NASA's Perseverance rover has been on Mars 100 days. Its best photos show rocks and helicopter flights
- NASA's Perseverance rover has spent 100 days on Mars.
- Perseverance has beamed photos from the red planet back to Earth almost daily.
- The best pictures show mystery rocks, river-delta cliffs, and the Ingenuity helicopter in flight.
- For more stories go to www.BusinessInsider.co.za.
As of Tuesday, NASA's Perseverance rover has spent 100 days on the red planet.
It landed in Mars' Jezero Crater on February 18. If life ever existed on the planet, this ancient lake bed may hold fossils of ancient alien microbes.
Cameras aboard the rover and on the jetpack that lowered it to the Martian surface captured the first-ever video footage of a Mars landing.
Since then, Perseverance has built up a library of stunning photos.
NASA has been sharing new images from the rover almost every day, as Perseverance beams them back to Earth.
The rover began to photograph its surroundings shortly after landing, capturing Jezero Crater's cliffs, boulder fields, and sand dunes.
The rover is equipped with 23 cameras. Some help it navigate Martian terrain by spotting potential hazards like large rocks or trenches. Others allow human operators on Earth to check that the rover's parts are in good shape.
The Perseverance team stitched together 142 images that Perseverance captured to create a panorama of the area.
Within a month, the rover spotted its first dust devil.
Mars doesn't have rainbows, but Perseverance captured a lens flare that looked like one.
"Rainbows aren't possible here," NASA tweeted from its Perseverance account. "Rainbows are created by light reflected off of round water droplets, but there isn't enough water here to condense, and it's too cold for liquid water in the atmosphere. This arc is a lens flare."
To test its laser tool, the rover zapped a nearby rock and photographed the line of dots it left on the surface.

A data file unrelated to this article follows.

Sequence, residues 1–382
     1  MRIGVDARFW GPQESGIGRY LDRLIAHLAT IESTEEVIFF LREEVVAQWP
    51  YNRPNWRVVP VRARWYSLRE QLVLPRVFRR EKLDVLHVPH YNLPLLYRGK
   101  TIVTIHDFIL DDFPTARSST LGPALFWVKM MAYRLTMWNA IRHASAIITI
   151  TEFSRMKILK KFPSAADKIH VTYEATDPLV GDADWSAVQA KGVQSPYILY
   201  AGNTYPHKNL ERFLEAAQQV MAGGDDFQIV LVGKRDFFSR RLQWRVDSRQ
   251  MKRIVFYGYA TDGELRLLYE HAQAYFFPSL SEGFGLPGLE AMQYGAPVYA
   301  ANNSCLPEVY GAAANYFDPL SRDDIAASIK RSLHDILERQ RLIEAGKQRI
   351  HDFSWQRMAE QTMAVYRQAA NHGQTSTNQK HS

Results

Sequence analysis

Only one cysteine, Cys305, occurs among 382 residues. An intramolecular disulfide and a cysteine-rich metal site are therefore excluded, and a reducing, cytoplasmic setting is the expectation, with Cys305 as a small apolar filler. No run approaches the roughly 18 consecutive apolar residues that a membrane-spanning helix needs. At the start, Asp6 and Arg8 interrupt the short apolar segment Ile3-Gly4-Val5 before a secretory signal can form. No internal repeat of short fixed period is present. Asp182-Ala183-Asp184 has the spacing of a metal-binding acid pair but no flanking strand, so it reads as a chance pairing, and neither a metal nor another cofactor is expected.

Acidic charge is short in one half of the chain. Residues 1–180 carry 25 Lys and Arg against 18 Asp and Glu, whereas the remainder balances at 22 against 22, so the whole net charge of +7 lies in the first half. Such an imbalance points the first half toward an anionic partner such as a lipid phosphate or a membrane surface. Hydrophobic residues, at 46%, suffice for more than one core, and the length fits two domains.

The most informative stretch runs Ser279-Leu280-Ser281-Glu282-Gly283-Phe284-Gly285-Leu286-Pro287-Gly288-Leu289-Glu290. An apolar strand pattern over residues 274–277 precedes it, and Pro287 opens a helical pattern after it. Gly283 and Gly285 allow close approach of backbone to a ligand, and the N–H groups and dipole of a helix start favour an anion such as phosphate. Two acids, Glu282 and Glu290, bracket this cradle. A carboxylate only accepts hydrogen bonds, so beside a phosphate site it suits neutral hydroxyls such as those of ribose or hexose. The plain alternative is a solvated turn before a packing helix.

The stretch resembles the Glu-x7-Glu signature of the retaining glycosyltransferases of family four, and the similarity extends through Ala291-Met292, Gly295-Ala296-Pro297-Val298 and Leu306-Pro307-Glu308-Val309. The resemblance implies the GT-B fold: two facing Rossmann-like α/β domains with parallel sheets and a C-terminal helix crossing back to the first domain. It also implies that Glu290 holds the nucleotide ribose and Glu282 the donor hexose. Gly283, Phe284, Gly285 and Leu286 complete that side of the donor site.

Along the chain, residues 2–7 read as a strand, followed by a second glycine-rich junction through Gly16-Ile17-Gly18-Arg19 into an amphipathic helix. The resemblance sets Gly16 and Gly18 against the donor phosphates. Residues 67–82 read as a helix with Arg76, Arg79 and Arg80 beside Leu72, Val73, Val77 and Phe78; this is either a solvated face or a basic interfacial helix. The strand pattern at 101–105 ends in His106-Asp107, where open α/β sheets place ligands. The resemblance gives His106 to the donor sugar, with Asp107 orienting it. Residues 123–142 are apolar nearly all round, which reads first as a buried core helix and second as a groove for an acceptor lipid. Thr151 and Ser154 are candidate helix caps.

Perseverance uses a laser to vaporise the dust on rocks in order to study the minerals inside.
Perseverance even spotted its own shadow.
The rover's cameras have also documented the Ingenuity helicopter's journey, starting from its descent from the rover's belly onto the Martian surface.
The helicopter is a technology demonstration — NASA engineers wanted to see if they could fly it in the thin Martian atmosphere. Because it has just 1% the density of Earth's atmosphere, that's the Earth equivalent of flying at three times the height of Mount Everest.
After Ingenuity emerged, Perseverance looked back as it backed away, leaving the 4-pound drone to survive its first frigid Martian night alone.
Nighttime temperatures on Mars can plunge as low as negative 130 degrees Fahrenheit (54 degrees Celsius), but Ingenuity's insulation and heaters have kept it warm enough to survive.
Perseverance took an impressive selfie with Ingenuity before driving to the overlook from which it would later watch the helicopter fly.
The selfie is actually a mosaic of 62 individual images.
When Ingenuity lifted itself from the red dust for the first time and made history, Perseverance was watching.
These were the first controlled, powered flights ever conducted on another planet.
The rover captured full video of the helicopter's first flights, too.
Now that Ingenuity's initial flights are done, Perseverance has begun its primary science mission.
The rover's main goal is to collect samples of Martian rock that could contain hints of ancient microbial life on Mars. It will cache these samples for a future NASA mission to bring back to Earth.
The rover's zooming cameras have begun studying mysterious rocks, starting with the "zoom test" pictured below.
When NASA scientists saw that Perseverance's landing site was surrounded by these kinds of rocks, they changed the rover's plans to stay in the area a few weeks longer. They want to learn whether these are volcanic rocks, or the kind that come from river sediment. Sticking around also allowed Ingenuity to continue flying.
Once it's done studying those rocks, Perseverance is set to drive towards the cliffs of the river delta that once fed Lake Jezero.
There, scientists expect to find soil and rock rich with ancient river deposits of mud and clay — and perhaps fossils of microbes trapped inside them.
Aria Bendix contributed reporting
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